The National Hockey League’s COVID-delayed playoffs began in earnest on Sunday. After months without hockey, I was keen to watch the best of the best compete for Lord Stanley’s Cup, the greatest trophy in all of sports.
But I was not permitted simply to enjoy the return of hockey—a sport on which I was reared and have played since I was 2 years old.
Instead, I discovered I had tuned in to a woke seminar.
While all the players ringed center ice, the stadium announcer’s voice boomed out a series of messages over the loudspeakers:
“We skate for you. We skate for the cup. We skate for better days. And today and always, we skate for the right reasons.”
And at that, suddenly the words “END RACISM” were emblazoned on the jumbotron. Ringing the arena on smaller screens was #WeSkateForBlackLives. OneRepublic’s “Better Days” played over it all.
It was just as Orwellian as it sounds. In what sense do professional hockey players “skate for black lives”? How does hockey, whether played well or poorly (or at all), “end racism” or bring about “better days”? Does the act of playing hockey “fix” racism?
Obviously it’s all nonsense. This was little more than ritualistic, saccharine, impotent (and very cheap) virtue-signaling by the NHL, done in the desperate hope that the antiracist mob might devour it last.
But it wasn’t over. Not even close.
The announcer then introduced Matt Dumba, a defenseman for the Minnesota Wild, who walked to center ice wearing a “Black Lives Matter” hoodie and brandishing a microphone.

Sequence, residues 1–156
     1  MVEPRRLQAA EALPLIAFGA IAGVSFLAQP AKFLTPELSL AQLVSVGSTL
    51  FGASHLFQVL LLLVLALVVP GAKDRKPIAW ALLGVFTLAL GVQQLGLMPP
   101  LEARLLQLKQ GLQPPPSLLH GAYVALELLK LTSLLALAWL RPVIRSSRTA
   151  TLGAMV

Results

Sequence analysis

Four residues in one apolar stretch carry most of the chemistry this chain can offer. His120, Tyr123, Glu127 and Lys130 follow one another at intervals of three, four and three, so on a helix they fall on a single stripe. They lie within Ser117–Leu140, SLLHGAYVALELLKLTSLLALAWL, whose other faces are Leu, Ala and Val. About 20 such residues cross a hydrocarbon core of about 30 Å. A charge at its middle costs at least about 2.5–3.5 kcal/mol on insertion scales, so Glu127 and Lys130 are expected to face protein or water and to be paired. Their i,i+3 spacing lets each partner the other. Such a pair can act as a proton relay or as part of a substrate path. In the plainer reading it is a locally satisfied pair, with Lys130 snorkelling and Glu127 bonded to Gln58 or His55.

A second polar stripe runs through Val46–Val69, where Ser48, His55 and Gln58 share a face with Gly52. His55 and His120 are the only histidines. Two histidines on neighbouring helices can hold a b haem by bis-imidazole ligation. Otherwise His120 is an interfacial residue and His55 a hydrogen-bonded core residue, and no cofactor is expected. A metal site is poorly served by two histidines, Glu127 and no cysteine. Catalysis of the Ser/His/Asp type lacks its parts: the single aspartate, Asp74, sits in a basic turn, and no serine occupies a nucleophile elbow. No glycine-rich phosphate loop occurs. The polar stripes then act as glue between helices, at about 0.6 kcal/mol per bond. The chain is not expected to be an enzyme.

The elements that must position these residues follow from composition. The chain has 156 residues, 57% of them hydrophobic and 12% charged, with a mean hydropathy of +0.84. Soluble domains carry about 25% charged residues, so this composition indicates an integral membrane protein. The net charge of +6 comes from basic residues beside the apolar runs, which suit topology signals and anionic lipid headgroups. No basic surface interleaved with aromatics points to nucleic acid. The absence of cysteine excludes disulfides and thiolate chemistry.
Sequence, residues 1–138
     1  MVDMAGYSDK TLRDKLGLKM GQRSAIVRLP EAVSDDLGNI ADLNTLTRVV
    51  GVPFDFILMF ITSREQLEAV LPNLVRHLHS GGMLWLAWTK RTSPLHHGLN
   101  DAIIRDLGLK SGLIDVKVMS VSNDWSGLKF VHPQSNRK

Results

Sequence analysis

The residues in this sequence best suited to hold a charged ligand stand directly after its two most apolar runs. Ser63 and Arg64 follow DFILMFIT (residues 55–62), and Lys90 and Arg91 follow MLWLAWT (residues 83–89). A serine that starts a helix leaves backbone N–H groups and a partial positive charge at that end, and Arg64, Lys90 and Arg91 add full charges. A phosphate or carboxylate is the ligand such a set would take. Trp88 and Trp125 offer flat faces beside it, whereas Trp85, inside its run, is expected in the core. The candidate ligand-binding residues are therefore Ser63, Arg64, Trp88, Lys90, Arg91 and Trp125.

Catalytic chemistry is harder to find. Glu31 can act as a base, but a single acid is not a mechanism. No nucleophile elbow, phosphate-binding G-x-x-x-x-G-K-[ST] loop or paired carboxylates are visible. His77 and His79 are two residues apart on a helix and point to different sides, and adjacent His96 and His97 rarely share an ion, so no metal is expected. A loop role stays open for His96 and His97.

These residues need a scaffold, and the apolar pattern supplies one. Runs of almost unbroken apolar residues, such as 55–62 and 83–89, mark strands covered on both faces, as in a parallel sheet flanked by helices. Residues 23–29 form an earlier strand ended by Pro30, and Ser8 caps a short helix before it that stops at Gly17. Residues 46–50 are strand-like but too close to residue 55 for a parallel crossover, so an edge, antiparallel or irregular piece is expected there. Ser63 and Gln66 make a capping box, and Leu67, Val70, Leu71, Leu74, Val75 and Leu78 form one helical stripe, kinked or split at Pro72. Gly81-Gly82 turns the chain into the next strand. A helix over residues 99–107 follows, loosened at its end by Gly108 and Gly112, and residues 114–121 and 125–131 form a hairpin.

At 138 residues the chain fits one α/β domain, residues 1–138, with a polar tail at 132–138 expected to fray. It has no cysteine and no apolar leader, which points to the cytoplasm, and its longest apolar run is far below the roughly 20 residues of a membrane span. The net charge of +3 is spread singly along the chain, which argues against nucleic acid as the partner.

My stomach lurched. I prayed he wasn’t about to do what I feared he would and reveal once and for all that my beloved sport finally had been colonized by fun-hating ideologues brimming with foolish, utopian schemes masquerading beneath the banners of “social justice” and “racial equality.” Would I be forced to pay respect to the NHL, now a mere husk of itself—a mouthpiece and force multiplier for modern-day white-people-hating racial essentialists?
Even so, this event—Dumba’s speech (whose throat-clearing opening lines have been omitted for brevity’s sake)—is worth exploring in some depth because it’s not every day that we are presented with plainspoken “antiracist” rhetoric; usually, it’s mindless sloganeering designed to bludgeon dissenters into submission and eventual, artificial agreement by eschewing totally the art of persuasion, the coin of the realm in a self-governing republic such as ours.